Kate Ferguson is editor-in-chief of WQP. Ferguson can be reached at [email protected] or 847.391.1007.
Sep 22, 2016

Renewed Concerns Over Chromium-6

tap water contamination hexavalent chromium 6

This week, it's been hard to avoid the latest water quality news - from mainstream media outlets to my Facebook feed, everyone is talking about the Environmental Working Group's (EWG) latest report on chromium-6 in U.S. tap water.

In the report, released on Sept. 20, EWG revealed its analysis of federal data on chromium-6, which found that the contaminant was present in the water supplies of more than 200 million people in all 50 states. The group also released an interactive map that allows users to click on their county to see which systems tested positive for chromium-6, and at what levels. 

The report digs into the regulations - or lack thereof - for chromium-6 around the country. The U.S. Environmental Protection Agency (EPA) currently regulates total chromium, which includes chromium-3 and chromium-6, with a limit of 100 ppb. The agency included chromium-6 in the Unregulated Contaminant Monitoring Rule 3 (UCMR3), which requires water systems to test for certain contaminants that do not currently have health-based standards set under the Safe Drinking Water Act (EWG utilized this testing data in its analysis). California, ever the pioneer when it comes to water standards and regulations, set a maximum contaminant level of 10 ppb for chromium-6 in 2014 - despite a 2011 public health goal of 0.02 ppb recommended by the California Office of Environmental Health Hazard Assessment.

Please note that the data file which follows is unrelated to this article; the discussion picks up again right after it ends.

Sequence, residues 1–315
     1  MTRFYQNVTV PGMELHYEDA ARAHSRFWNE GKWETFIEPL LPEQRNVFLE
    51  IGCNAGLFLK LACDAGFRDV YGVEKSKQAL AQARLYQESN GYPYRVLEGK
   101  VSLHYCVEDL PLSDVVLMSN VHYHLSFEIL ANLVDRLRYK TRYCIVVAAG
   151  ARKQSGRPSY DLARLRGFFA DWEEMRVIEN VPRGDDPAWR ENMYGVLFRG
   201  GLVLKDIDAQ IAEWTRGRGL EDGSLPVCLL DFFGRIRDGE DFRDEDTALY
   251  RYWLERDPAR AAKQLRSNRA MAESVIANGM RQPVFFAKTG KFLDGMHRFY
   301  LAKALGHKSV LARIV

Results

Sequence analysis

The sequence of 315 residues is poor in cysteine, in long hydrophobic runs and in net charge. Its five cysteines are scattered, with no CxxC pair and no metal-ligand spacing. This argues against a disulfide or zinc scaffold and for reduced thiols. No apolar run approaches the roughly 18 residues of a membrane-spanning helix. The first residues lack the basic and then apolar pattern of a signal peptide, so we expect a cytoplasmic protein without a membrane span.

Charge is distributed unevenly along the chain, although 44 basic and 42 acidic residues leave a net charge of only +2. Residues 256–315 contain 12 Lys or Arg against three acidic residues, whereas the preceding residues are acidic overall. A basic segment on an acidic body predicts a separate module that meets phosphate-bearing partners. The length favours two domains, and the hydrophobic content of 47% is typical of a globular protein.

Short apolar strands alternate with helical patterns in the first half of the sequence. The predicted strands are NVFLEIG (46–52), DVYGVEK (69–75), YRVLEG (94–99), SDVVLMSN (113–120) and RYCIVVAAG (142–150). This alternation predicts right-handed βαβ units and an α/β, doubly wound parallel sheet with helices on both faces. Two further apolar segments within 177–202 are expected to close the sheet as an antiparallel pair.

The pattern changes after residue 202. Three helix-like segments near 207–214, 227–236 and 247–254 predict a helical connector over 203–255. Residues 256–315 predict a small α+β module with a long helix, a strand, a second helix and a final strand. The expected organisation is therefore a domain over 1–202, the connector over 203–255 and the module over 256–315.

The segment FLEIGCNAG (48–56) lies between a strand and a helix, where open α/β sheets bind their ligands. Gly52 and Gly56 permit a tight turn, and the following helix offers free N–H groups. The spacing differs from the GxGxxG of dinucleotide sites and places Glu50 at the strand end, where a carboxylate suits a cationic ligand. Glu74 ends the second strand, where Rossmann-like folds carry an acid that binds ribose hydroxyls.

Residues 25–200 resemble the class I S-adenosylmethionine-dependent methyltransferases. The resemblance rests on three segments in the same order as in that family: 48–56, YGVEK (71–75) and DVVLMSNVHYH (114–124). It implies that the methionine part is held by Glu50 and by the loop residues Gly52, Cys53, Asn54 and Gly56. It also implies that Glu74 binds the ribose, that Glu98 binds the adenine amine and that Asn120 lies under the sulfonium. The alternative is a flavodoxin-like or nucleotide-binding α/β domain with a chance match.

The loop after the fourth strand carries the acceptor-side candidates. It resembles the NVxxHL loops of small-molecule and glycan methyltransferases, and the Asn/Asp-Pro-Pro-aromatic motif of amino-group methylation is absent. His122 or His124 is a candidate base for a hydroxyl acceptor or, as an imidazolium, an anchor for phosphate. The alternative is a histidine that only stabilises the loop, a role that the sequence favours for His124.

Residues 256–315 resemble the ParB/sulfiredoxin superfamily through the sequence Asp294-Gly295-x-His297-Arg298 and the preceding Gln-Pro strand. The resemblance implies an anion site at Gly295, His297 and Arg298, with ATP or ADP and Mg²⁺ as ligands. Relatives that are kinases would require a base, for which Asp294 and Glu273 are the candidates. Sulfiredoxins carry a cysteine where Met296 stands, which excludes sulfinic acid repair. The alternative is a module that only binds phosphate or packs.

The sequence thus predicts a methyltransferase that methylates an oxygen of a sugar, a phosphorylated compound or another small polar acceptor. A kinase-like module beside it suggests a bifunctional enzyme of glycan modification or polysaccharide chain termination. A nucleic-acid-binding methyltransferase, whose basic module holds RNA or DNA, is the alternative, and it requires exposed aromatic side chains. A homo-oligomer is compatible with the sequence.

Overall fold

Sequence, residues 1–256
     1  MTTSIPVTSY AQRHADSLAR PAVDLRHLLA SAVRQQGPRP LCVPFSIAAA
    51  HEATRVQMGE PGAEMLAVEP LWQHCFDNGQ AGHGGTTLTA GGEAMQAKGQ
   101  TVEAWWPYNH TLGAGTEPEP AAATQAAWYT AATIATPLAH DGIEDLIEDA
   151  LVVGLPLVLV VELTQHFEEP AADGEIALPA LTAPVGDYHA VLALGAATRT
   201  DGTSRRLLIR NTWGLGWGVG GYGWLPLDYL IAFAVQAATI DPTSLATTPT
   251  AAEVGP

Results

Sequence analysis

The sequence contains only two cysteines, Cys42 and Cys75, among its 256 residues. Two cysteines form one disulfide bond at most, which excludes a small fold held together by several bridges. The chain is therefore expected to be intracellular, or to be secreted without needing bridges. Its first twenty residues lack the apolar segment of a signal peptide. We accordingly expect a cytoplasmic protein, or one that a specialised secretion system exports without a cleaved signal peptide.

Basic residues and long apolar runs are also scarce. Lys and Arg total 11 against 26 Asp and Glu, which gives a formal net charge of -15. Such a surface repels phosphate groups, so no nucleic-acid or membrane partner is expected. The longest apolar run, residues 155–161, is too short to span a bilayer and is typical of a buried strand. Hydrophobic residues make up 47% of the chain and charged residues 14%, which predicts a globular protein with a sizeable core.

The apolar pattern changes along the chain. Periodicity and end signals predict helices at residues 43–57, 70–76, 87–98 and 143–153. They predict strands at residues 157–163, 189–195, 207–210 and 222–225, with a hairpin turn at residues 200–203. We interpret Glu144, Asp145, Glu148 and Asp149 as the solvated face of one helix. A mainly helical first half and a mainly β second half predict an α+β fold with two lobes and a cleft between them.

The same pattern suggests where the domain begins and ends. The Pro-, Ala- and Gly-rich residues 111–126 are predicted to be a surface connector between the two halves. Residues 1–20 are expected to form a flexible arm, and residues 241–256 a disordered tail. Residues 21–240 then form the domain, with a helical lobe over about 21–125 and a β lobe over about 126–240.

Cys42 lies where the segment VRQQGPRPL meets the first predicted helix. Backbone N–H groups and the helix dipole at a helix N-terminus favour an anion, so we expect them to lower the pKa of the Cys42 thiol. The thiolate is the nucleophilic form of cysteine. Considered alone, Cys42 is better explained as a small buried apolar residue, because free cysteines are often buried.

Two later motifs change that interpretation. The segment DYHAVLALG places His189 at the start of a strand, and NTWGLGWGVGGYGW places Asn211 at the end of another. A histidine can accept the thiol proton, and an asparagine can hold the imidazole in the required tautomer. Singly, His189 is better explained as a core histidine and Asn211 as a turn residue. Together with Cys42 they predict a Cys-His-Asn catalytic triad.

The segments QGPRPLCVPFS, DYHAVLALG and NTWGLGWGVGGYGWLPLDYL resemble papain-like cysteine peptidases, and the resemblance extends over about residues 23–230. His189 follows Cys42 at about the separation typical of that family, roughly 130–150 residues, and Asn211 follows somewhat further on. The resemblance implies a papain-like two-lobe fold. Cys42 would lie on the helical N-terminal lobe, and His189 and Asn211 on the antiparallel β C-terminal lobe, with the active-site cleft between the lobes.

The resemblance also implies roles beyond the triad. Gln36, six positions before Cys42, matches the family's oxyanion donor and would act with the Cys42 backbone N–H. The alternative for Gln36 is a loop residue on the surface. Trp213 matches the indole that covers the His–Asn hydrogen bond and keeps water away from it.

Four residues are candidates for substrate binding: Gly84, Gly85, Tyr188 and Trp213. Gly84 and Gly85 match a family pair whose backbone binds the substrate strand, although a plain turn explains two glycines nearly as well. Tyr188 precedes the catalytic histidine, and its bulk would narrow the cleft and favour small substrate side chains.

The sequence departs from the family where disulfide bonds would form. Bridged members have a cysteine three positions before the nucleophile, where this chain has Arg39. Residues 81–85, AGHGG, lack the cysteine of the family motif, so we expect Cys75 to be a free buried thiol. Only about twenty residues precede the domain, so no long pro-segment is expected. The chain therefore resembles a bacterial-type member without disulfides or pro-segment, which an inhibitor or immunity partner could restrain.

EWG's report throws a lot of information at consumers - enough to potentially overwhelm them. I certainly have a few bones to pick with EWG - it relies heavily on the scare tactic of name-dropping Erin Brockovich, and uses phrases like "that's troubling," which (in my opinion) belong in an op/ed piece, not an article under the Research section of its website. I do love an interactive map, and found it really interesting to explore the testing data around the country. (Hint, hint EPA - do this with your data! The UCMR3 data are all available on the EPA website, but can only be downloaded as a zip file containing .txt documents.) 

I think the best thing consumers can do is follow the Water Quality Assn.'s advice: Get your water tested by a water treatment professional or a certified lab. It is the only way to know for sure if the water flowing out of their taps is in fact contaminated with chromium-6, or any other contaminant.

What is your take on EWG's report? Do you believe EPA should be doing more to regulate chromium-6? What has your customers' response been to this report? Let us know in the comments, or email us at [email protected].

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